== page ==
Saul Leiter died on 26th November - just one week prior to his 90th birthday. Hadn’t he left Cleveland’s Talmudic school in 1946, his life would have probably been different - or perhaps not as different as we might imagine. Still, you can bet our perception of colour would not be the same. Surely we wouldn’t have the same vision of a simultaneously livid and pure snowy New York City - indeed “postcards” from 1950s’ Hollywood movies wouldn’t have allowed for it.
All his life he was an abstract expressionist at heart, much similar to his friends at Tanager Gallery (where he did exhibit his works). He put his medley of colours invariably on film, water-painting and tempera. He drew thick patterns and sudden dramatic details in black & white, resulting in an extraordinary complementarity of elements.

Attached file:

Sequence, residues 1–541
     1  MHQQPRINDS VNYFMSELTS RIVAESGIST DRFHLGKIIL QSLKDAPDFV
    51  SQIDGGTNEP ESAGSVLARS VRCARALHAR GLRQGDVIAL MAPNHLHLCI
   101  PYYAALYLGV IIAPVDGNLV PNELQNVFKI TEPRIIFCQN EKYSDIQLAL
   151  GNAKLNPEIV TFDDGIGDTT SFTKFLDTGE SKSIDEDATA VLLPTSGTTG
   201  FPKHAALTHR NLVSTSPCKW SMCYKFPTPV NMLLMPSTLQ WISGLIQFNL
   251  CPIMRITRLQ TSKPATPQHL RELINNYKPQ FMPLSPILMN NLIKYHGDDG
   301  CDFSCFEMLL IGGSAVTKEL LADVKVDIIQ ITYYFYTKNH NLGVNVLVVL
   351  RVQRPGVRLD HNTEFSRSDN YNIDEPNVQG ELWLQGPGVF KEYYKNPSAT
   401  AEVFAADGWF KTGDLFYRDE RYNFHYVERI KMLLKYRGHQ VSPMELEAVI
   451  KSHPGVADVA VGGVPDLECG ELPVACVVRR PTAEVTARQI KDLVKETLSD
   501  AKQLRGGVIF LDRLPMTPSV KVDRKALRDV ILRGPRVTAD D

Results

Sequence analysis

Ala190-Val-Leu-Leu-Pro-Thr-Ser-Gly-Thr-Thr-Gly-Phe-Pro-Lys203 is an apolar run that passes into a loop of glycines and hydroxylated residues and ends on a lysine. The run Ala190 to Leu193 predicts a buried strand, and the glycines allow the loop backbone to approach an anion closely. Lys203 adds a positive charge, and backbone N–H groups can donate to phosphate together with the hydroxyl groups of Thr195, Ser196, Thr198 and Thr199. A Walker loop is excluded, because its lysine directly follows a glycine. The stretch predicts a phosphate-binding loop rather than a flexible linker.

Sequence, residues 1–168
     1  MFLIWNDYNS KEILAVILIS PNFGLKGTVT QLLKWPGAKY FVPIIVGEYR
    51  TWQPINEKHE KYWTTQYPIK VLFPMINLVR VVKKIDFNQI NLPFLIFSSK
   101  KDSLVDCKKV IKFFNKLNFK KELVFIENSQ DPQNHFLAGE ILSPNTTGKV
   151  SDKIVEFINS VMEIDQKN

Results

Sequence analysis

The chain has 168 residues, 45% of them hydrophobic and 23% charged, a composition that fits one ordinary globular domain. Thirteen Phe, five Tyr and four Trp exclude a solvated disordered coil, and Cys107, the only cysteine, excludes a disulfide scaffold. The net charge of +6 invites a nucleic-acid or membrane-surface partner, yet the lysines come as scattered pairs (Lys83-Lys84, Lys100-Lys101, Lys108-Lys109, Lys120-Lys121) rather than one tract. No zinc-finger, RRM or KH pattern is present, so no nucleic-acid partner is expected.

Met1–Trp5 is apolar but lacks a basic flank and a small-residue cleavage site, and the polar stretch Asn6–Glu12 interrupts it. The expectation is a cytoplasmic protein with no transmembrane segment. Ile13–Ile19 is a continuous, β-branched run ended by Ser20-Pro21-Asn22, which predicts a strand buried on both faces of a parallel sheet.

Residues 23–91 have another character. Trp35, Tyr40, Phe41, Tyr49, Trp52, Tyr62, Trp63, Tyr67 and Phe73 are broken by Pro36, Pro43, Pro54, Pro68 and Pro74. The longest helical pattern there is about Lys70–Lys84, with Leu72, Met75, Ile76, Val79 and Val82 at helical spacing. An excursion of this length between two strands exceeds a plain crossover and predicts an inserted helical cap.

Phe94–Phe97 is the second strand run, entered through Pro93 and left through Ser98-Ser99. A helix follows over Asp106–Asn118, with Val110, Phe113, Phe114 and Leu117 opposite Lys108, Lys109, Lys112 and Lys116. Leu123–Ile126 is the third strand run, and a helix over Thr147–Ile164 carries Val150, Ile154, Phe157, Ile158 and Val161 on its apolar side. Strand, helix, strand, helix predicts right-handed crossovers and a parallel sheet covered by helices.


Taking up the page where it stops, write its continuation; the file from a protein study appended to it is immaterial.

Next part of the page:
Haze, refractions, condense, snow. Mankind constantly on the move in a torn and chaotic metropolis, far removed from Time Square’s shimmer - so majestically fragmented in a collage of shop signs, traffic lights, taxis, mirrors, glasses. And umbrellas. Black & white makes details more intimate, almost as though they were being stolen. Leiter captures unrepeatable shadows and gestures through the condense of diners’ windows on 10th East. He combines them with a jungle of railings, traffic lights and light posts behind which he would hide himself, too, at times.
He is always associated with the heroes who gave birth to street photography. Yet we dare say he would have preferred to be affiliated to Bonnard or Delaunay.
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